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High Risk Pests Found In Shipping Containers

High Risk Pests Found In Shipping Containers
November 12
14:23 2014

Fiji is relatively free from most of the world’s serious pests and diseases. Biosecurity helps keep it that way. Global trade and travel, while bringing great benefits, puts Fiji’s agricultural industries and unique natural environment at risk of devastation from a range of serious pests and diseases. Biosecurity aims to protect Fiji’s natural and economic assets while minimising disruption to the international movement of people and goods.
The following are just some of high risk pests that BAF targets on imported sea containers. These pests can easily hitch hike or stow on or in cargo containers, and that we definitely don’t want getting into Fiji.

1. Giant African Snail

The Giant African Snail is said to be one of the most damaging agricultural pests in the world. The giant African snail can grow to over 30cm in length, eat over 500 different species of plants and can lay more than a thousand eggs each year.

This pest could enter Fiji in empty containers or bags, under packing cases, pallets, in or on shipping containers, machinery or motor vehicles.

Giant African snail is often intercepted at Fiji ports however BAF has so far kept this pest out of Fiji through vigilance and careful inspection of all imports.

2. Asian Gypsy Moth

The Asian Gypsy Moth is a worst forest pest insect. It eats the leaves of more than 500 different species of trees and shrubs and causes enormous damage to the environment and the economy. This moth can also enter Fiji on ships, containers and cargos and a major outbreak of Asian Gypsy Moth in Fiji has the potential to destroy forests and native bush, trees, crops and the communities that depend on them. Biosecurity Officers inspects ships that are at high risk of transporting this pest.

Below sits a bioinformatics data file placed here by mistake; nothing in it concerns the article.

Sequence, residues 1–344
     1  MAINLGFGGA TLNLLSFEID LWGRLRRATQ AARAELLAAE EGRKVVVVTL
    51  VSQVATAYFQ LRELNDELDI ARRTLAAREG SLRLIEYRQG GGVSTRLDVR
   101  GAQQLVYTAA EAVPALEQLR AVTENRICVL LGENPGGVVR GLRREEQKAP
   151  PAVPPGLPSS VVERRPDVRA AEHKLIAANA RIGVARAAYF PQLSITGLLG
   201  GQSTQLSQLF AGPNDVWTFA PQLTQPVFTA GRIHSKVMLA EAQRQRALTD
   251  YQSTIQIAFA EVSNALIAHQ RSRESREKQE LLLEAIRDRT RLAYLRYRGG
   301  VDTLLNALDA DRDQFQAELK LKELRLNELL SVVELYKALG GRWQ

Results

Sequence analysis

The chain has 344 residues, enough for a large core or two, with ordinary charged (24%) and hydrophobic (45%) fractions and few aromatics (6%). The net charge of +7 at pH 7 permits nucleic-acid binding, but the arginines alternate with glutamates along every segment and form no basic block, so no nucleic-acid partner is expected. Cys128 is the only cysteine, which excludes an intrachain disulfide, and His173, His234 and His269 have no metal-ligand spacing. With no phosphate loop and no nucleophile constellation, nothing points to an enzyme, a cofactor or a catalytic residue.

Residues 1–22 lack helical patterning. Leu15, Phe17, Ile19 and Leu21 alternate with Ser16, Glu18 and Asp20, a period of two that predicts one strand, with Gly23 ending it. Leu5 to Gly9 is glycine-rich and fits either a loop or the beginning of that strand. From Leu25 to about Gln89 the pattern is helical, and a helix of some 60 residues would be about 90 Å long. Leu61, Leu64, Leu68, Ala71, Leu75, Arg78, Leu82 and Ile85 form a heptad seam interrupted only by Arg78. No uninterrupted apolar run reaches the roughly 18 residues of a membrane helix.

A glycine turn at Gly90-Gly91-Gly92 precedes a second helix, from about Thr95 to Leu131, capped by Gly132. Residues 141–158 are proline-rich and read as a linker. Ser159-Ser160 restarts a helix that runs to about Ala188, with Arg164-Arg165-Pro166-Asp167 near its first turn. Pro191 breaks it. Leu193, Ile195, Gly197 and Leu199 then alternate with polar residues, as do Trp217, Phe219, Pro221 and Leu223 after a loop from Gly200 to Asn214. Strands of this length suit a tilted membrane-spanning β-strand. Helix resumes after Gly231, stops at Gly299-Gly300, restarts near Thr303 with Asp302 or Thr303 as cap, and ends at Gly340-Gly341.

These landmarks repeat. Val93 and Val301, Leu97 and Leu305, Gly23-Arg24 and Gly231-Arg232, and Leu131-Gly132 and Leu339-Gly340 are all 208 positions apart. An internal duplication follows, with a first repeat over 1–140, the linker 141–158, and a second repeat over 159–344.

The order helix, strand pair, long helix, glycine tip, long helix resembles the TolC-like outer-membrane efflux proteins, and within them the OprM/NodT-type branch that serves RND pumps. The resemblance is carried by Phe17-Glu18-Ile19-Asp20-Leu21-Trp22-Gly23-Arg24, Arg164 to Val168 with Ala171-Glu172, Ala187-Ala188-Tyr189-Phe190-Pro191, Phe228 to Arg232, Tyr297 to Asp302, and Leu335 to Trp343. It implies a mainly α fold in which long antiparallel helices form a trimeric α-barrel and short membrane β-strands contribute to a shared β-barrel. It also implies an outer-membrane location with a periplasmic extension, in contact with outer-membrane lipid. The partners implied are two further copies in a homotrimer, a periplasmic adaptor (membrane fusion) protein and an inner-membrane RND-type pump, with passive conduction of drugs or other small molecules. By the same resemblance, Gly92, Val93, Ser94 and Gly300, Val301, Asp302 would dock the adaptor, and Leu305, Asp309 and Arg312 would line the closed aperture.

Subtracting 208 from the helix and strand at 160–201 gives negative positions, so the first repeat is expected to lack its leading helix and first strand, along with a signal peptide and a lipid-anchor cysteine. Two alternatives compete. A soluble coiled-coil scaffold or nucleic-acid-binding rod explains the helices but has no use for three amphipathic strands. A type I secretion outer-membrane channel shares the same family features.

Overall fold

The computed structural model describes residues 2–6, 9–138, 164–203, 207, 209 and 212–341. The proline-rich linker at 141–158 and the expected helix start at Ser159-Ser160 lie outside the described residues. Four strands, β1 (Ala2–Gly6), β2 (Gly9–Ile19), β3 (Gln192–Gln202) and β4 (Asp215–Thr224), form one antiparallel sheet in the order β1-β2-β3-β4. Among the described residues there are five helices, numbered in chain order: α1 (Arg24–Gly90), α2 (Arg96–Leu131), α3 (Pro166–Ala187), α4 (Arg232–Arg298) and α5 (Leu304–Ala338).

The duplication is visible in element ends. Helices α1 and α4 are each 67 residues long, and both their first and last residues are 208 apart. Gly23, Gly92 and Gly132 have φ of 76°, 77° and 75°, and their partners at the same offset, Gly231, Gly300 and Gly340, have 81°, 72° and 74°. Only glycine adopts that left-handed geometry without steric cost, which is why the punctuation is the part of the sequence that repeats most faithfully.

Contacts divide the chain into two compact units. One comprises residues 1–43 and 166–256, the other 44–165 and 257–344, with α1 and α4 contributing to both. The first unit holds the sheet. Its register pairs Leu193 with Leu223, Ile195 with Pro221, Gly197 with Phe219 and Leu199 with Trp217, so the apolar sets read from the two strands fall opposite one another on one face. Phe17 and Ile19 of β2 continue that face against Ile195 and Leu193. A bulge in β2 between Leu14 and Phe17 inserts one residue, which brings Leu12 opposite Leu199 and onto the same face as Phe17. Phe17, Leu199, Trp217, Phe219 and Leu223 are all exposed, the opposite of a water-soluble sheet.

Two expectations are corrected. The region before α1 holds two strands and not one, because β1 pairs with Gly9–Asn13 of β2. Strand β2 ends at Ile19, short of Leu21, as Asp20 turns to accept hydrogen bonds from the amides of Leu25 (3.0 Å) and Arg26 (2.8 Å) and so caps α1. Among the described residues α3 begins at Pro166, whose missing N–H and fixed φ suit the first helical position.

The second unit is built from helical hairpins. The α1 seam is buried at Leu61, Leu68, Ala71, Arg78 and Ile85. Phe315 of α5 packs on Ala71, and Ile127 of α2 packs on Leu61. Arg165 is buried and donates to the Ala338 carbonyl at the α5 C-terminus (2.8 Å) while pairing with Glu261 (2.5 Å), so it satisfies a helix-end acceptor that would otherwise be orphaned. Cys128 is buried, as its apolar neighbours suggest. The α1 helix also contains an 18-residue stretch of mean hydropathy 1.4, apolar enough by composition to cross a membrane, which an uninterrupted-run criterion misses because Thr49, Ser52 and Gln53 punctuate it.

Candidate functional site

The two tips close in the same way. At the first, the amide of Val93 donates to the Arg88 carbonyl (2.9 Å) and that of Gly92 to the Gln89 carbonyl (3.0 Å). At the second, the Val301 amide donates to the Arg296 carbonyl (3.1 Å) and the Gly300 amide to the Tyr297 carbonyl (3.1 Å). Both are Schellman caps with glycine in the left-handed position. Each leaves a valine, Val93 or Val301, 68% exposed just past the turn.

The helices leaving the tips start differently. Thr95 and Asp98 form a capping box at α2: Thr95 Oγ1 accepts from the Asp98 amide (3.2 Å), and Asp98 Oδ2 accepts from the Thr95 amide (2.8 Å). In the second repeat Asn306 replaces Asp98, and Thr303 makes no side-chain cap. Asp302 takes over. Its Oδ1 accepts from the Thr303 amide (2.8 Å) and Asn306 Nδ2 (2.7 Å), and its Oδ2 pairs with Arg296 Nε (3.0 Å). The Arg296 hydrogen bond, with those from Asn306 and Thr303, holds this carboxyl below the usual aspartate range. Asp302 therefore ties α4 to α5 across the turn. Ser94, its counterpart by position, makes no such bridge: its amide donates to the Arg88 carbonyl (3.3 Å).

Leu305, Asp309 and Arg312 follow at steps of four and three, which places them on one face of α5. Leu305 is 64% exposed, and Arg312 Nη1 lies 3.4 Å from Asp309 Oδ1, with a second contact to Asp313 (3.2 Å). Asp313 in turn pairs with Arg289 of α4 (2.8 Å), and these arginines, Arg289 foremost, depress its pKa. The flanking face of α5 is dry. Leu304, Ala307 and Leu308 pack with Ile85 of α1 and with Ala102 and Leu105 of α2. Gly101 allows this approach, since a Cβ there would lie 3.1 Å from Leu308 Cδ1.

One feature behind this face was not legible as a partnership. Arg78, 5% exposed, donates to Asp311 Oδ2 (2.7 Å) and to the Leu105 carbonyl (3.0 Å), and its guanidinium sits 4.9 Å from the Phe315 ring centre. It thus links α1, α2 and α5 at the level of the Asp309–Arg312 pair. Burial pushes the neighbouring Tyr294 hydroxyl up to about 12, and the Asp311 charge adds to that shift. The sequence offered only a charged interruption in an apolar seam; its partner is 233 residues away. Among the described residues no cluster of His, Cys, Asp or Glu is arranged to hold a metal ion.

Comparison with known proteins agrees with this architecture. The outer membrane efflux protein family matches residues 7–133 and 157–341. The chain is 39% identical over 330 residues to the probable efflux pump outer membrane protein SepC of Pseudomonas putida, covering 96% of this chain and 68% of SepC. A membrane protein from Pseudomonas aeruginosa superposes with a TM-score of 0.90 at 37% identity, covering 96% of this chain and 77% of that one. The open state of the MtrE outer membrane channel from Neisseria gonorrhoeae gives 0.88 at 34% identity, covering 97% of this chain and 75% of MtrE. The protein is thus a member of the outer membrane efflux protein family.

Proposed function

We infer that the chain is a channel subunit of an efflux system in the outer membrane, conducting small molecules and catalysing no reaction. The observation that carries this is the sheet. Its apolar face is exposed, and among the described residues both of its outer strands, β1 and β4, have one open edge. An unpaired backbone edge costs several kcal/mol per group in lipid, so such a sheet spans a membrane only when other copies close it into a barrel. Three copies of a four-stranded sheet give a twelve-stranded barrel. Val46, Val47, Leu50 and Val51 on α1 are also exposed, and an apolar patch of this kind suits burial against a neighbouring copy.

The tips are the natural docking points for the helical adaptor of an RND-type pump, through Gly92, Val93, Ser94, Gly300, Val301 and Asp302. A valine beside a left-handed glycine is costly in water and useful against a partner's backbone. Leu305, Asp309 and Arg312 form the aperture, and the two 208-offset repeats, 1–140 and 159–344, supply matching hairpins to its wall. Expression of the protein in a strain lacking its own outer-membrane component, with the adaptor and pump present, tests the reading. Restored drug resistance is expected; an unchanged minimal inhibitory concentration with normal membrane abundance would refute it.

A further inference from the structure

3. Red Imported Fire Ant

Red Imported Fire Ants (RIFA) is a highly invasive and destructive species of ant. It is more aggressive than most native ant species, and has a painful sting. It can also damage plant roots leading to loss of crops. They are also a threat to small animals such as birds. As well as inspecting ships and their cargo, Biosecurity officers also maintains a surveillance system to provide early warning of the potential entry of invasive ants.

4. Exotic Fruit Flies

Exotic fruit flies present in many of our neighbouring countries pose high risks to our agricultural industries and could devastate many of the crops we rely on for our food and economic well-being.

The most likely way for exotic fruit flies to enter into Fiji is in infested fruit. All commercial imports of fruits and vegetables are disinsected or are certified as being grown in a fruit fly free country or region. BAF maintains a system of fruit fly traps across Fiji. At present there are a total of 389 fruit fly traps in 166 sites around Fiji.

These traps have been set up to check if any new species are entering the country.. Some of the sites include Suva, Nausori, Sigatoka, Nadi, Rotuma, Tailevu, Naitasiri, Taveuni, Lomaiviti, Lau and Vanua Levu.

5. Asian Longhorn beetle

The Asian longhorn beetle is a wood-boring forest pest and a serious pest of hardwood trees. The beetle has the potential to devastate Fiji’s native hardwood species.

The most probable means of entry of the Asian longhorn beetle is on imported timber and wood used for pallets and packing materials.

6. Khapra bettle

Imported agricultural produce could carry an insect pest called khapra beetle. This beetle would have serious consequences for Fiji’s agriculture as it can destroy beans, lentils, rice, and a range of spices such as cardamom, coriander and cumin.

7. Other pests

Other pests such as wasps, rodents, spiders and other types of snails are also frequently intercepted on sea containers coming to Fiji.

Biosecurity is everyone’s responsibility and we should all work together to keep our country free from harmful exotic pests and diseases.

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